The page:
Major Depressive Disorder

The word “depressed” and its multiple variations are thrown around casually in every day conversation. Often, one will say something like “that movie was so depressing.” Sometimes, a person who is feeling blue will describe his mood as depressed, but he does not actually have Clinical Depression. Clinical Depression, also called Major Depressive Disorder, is a serious, severe psychological disorder that affects the everyday lives of many individuals. It is actually quite common as “at least 10% of people in the U.S. will experience Major Depressive Disorder at some point in their lives. Two times as many women as men experience Major Depression.” (Levinson & Nichols, 2013) Major Depressive Disorder has many different causes; it is different for every person. But two of the most common causes are genetics and previous experiences. The disorder is often overlooked as just long-term sadness that will pass eventually. However, there are many more symptoms to the disorder than just plain sadness.

The symptoms associated with Major Depressive Disorder can be very painful, both emotionally and physically. Luckily for those who suffer from MDD, there are many different forms of treatment available. There is a wide variety of psychotherapies available, such as cognitive, behavioral, and interpersonal therapy, as well as many different kinds of antidepressants suited to fit a range of cases. Major Depressive Disorder is a serious mental illness that should be taken seriously –never brushed aside or ignored. The first step to overcoming Major Depressive Disorder is finding the root of the problem, understanding the symptoms, and providing the best possible treatment. If all is done properly and effectively, a person can break free from this detrimental disorder before it breaks him. Often, it is very unclear why an individual develops Major Depressive Disorder.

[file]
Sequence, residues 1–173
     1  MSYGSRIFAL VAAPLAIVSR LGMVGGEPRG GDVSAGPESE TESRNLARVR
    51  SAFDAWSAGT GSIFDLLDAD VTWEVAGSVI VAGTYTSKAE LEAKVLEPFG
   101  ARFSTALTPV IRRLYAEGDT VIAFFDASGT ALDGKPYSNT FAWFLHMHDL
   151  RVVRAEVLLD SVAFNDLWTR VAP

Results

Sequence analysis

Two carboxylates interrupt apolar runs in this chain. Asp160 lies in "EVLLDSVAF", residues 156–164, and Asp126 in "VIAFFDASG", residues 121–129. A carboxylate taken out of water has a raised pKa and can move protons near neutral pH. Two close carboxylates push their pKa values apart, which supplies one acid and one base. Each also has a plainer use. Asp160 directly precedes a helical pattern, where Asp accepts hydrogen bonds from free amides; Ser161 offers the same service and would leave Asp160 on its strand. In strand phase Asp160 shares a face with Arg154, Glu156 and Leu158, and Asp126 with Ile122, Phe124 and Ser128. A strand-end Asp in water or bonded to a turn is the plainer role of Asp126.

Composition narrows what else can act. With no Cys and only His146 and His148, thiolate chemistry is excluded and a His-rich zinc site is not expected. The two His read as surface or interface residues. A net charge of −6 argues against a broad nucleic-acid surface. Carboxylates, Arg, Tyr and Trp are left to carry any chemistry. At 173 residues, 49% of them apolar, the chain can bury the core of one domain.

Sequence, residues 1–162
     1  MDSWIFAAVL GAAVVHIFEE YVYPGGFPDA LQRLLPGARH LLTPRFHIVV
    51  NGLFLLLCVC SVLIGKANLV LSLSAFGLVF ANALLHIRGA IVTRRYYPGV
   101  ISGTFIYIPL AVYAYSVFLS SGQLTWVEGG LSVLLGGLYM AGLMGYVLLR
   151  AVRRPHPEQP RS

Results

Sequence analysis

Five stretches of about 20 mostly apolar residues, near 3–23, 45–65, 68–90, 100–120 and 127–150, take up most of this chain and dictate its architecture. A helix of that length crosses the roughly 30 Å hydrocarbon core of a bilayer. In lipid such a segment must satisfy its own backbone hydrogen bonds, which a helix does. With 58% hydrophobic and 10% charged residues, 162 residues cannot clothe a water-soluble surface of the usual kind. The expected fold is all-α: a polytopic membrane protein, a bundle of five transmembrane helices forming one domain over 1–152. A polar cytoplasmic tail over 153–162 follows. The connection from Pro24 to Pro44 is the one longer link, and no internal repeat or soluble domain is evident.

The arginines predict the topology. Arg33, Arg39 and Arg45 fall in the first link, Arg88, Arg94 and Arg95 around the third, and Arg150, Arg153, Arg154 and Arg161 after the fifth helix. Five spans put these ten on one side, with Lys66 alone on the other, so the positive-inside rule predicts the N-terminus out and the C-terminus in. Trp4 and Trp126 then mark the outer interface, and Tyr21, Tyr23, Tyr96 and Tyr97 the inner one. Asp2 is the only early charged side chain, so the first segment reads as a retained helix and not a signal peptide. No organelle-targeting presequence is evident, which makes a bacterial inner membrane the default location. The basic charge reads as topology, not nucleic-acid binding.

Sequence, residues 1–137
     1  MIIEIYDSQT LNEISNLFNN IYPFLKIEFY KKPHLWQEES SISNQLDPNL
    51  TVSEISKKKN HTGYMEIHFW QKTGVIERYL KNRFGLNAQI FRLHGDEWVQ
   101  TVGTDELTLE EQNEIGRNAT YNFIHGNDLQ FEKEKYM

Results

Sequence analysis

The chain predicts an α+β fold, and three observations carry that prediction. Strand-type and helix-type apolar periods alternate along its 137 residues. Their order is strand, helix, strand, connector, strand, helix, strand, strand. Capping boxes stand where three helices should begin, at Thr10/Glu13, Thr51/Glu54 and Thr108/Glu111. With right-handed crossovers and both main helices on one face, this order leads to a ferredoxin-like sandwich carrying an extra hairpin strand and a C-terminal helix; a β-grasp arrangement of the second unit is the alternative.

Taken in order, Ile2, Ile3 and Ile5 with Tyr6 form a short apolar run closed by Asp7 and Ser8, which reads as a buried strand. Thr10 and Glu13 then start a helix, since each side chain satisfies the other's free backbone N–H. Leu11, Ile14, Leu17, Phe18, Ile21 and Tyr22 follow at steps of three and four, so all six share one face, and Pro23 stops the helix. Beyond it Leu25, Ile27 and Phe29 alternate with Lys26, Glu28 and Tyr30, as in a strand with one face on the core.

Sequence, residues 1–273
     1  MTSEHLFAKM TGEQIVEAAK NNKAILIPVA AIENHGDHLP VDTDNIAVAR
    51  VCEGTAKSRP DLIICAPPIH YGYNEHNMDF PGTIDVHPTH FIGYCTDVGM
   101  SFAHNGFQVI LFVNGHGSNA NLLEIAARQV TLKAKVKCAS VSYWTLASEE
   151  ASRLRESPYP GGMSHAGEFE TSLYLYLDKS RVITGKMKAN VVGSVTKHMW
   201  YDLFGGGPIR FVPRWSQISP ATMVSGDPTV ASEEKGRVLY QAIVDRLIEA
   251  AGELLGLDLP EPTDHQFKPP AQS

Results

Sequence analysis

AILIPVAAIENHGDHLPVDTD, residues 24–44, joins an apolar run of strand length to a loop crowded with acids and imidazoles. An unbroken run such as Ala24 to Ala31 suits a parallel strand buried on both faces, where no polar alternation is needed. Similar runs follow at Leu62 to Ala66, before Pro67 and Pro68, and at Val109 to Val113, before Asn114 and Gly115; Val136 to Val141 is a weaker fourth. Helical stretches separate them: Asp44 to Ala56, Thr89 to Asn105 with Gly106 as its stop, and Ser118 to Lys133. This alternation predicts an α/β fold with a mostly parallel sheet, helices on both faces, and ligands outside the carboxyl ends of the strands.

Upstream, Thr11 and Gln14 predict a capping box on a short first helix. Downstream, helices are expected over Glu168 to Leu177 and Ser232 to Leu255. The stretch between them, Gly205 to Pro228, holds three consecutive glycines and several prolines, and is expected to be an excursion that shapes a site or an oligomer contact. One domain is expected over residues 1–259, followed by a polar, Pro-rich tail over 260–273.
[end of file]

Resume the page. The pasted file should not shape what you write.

Through scientific and therapeutic studies, the root of the problem that causes abnormality can be found. Scientific studies have shown that, among the population, one of the most common causes of MDD is genetics. Surprisingly enough, an individual who is affected by depression most likely has another family member who is also affected by it. “If someone has a parent or sibling with major depression, that person probably has a 2 or 3 times greater risk of developing depression compared with the average person.” (Levinson & Nichols, 2013) Often, the development of depression is similar to cancer – a person who does not smoke and takes care of his health develops cancer simply because of his genetics. The other main cause in MDD cases is unrelated psychological factors, or previous life experiences. Most times, but not always, childhood trauma can trigger depression later in life. Scarring experiences such as sexual or physical abuse, parental relationship problems, death of a love one can all causes depression. Discovering what life experience brings a patient to depression is often found during psychotherapy sessions. “Understanding one’s past often puts the depressive problem into a much clearer perspective.” (Robbins, 2009, p. 75) Once the cause is somewhat pinpointed, a therapist can determine an approach that would the patient some peace of mind. However, sometimes the causes of each case of depression are truly hard todetermine. Sometimes it is simply genetics, sometimes it is simply life experiences and sometimes it is both. But once a therapist has some idea of what is going on inside of his patient’s head, the steps towards overcoming MDD can begin. Before treatment can be administered, it is important to consider which symptoms a patient may have.